“How can they believe in Him of whom they have not heard? And how can they hear without someone to preach? … As it is written, ‘How beautiful are the feet of those who bring the good news!’” (Rom 10:14-15)
These words of St. Paul echo Jesus’ final command as He was about to ascend into heaven: “Go, therefore, and make disciples of all nations, baptizing them … teaching them to observe all that I have commanded you.” (Mt 28:19-20)
This task of teaching belongs to every missionary disciple, to every disciple “sent out” to bear witness in the world. That means it belongs to you and me. It is not merely our duty; it is our privilege.
I direct the diocesan Lay Formation Institute (LFI), whose goal is to deepen people’s knowledge and love of Christ and His Church so they can bear joyful and effective witness. One of the LFI participants recently told me a story. She is part of the Rite of Christian Initiation of Adults (RCIA) team in her parish, helping instruct non-Catholics who want to learn more about our Faith.
“One day,” she said, “a teenage boy showed up at RCIA unannounced and explained that he wanted to become Catholic. Why? He knew a Catholic at his high school and he was impressed with that young man and his family. He could tell it came from their Faith, and he wanted what they had. This young man came again the next week, and he brought a friend. They have been coming ever since, and showing up at Mass,” she said. As she shared this, her eyes and face were radiant with joy.
This is the privilege of being a missionary disciple. We get to share not some dry, dull, academic stuff, but Jesus Christ, the Way, the Truth and the Life. Not every experience will give us goosebumps, but if we can personally tap into the beauty and wonder of what we are teaching, it has a good chance of bearing fruit.
As missionary disciples, where do we teach, where do we share “the Good News”? In our own families, first of all. I was recently making a three-hour drive with one of our young adult sons when he shared, “A lot of my friends see Catholicism as just one of many possible faiths.” I listened (note: always listen), and then I replied, “No other religious founder or prophet claimed to be God as Jesus did—and He did it over and over again.” So, as C.S. Lewis pointed out, Jesus left us with only three options—He is a liar, a lunatic or the Lord. We must pick one, because His claims give us no other choice. For a brilliantly clever, short video on this topic, and many others, visit IMBeggar.com.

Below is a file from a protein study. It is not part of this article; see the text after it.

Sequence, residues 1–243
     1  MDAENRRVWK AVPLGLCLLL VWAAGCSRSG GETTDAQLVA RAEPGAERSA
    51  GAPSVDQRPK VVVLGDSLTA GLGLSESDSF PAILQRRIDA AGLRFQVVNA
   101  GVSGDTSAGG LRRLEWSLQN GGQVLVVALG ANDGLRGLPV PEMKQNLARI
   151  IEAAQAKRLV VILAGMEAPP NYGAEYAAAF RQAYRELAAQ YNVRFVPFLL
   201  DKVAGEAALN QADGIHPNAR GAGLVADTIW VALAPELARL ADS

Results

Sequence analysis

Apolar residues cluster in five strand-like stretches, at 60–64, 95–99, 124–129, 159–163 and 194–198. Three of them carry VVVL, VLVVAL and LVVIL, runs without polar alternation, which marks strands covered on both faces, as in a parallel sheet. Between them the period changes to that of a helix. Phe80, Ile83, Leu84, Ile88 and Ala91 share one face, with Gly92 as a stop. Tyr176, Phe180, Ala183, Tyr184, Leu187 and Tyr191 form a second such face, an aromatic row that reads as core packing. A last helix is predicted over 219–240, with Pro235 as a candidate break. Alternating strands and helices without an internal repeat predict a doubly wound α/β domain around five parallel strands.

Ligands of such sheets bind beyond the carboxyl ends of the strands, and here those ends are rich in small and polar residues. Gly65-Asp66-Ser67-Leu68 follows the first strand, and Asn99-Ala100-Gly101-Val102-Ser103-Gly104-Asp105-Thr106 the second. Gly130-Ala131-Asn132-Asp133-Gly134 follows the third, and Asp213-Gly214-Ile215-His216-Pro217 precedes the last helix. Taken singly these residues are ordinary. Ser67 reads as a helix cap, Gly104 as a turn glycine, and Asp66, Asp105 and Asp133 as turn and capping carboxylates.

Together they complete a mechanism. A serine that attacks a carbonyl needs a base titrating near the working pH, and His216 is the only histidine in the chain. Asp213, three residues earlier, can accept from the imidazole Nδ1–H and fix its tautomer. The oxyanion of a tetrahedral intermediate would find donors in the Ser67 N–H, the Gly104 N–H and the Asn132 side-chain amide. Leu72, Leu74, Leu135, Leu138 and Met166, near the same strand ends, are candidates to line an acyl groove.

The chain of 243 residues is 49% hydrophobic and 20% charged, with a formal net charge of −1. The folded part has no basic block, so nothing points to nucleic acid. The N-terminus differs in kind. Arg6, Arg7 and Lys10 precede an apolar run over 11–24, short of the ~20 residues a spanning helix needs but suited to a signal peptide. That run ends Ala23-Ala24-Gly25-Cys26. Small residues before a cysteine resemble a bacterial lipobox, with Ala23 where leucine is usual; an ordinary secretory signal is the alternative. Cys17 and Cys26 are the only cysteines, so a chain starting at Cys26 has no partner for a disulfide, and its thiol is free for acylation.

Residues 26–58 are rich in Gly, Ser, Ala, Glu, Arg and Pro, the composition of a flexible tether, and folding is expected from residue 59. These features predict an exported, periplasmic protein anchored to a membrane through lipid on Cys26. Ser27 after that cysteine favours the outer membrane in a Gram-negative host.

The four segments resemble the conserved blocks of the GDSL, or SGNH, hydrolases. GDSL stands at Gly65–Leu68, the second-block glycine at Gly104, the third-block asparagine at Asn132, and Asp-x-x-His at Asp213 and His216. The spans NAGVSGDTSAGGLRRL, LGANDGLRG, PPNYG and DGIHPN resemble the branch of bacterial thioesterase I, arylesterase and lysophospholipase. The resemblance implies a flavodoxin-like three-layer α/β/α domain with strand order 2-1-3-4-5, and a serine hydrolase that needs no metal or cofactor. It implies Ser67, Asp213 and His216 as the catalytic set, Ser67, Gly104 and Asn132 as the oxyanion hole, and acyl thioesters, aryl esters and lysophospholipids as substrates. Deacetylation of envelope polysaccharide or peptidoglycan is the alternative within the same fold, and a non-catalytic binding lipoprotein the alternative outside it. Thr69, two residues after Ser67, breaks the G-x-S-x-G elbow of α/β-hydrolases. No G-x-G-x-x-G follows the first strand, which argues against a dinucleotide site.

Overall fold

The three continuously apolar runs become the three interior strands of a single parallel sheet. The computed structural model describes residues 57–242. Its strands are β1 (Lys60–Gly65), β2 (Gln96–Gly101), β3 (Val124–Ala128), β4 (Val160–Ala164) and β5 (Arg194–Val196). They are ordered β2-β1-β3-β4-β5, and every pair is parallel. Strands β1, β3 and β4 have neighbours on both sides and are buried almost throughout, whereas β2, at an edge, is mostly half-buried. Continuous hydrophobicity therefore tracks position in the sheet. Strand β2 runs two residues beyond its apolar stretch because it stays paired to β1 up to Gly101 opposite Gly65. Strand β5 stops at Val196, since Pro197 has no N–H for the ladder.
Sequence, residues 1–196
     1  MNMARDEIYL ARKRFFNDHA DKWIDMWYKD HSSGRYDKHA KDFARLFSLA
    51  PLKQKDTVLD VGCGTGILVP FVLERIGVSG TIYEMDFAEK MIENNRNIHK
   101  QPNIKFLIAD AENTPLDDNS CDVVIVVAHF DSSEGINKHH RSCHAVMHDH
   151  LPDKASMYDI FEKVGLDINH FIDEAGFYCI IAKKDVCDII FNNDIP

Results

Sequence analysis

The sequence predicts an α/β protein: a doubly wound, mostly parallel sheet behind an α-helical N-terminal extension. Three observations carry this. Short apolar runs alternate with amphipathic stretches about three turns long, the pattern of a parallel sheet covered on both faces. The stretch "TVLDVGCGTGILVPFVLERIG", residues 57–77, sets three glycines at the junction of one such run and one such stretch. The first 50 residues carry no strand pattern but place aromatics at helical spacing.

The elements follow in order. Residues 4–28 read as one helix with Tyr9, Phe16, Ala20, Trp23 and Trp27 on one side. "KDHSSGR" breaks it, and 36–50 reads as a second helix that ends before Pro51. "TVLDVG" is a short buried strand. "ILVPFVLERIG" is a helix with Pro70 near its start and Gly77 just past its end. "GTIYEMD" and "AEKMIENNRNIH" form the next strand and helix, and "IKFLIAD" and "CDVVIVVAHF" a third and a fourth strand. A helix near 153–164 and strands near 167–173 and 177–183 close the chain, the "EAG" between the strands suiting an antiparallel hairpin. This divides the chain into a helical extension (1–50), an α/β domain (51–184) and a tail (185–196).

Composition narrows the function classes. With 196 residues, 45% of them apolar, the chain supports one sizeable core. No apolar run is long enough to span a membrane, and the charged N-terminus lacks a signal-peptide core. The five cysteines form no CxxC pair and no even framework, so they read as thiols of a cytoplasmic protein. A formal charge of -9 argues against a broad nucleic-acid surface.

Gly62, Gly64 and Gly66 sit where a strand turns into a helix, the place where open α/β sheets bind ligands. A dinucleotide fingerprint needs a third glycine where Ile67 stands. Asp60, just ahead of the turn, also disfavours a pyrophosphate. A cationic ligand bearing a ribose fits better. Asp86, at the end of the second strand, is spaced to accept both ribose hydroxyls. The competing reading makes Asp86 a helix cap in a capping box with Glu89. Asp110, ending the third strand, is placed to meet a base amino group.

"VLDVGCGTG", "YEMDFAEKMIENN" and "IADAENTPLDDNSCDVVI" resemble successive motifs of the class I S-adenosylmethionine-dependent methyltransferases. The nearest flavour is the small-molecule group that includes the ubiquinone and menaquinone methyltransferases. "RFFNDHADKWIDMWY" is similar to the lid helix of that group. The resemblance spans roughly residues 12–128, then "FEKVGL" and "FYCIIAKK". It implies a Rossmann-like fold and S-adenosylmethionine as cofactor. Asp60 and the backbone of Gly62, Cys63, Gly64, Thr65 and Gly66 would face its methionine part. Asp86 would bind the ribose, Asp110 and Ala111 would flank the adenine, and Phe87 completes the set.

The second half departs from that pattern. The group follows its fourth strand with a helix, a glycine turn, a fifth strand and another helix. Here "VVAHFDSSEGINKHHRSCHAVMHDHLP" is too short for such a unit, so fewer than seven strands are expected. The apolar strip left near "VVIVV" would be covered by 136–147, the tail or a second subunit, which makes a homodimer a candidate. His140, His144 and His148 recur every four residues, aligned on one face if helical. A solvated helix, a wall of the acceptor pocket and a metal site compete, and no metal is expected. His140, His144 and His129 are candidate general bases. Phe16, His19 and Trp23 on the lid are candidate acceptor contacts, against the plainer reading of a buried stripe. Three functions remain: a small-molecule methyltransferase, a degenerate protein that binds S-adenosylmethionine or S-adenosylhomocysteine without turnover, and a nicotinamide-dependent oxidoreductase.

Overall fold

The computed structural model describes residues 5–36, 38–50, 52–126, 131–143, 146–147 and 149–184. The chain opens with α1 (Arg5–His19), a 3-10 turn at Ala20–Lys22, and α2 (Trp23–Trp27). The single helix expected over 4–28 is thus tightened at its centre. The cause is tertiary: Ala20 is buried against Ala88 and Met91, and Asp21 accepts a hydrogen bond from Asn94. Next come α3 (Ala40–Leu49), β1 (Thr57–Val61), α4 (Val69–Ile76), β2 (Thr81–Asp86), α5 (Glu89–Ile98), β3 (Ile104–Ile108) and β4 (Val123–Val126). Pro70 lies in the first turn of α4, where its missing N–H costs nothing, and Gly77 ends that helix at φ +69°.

As we continued driving, I shared with my son my own personal “story with God.” In the space of about 30 minutes, I told him what my life was like when I tried to run it on my own, and then what it was like when, humbled, I fell on my knees. Not only did he “get it,” but he said it was really helpful.
Some of you teach the Faith in a formal way as a Catholic school teacher, a catechist in parish religious education, a mentor for the confirmation program, a member of the parish RCIA team, etc. If not, and you feel called into parish service, talk to your pastor and offer to help.
But all of us, as missionary disciples sent by Christ, need to be able to articulate at least the basics of our Catholic Faith to our children, our grandchildren, other family members and anyone God puts in our path. And we need to be able to do it in a way that comes from our hearts because we live it, nourished by prayer and the sacraments.
Director of the Office for Ministries and Social Concerns
Published in the July/August 2021 Catholic Life Issue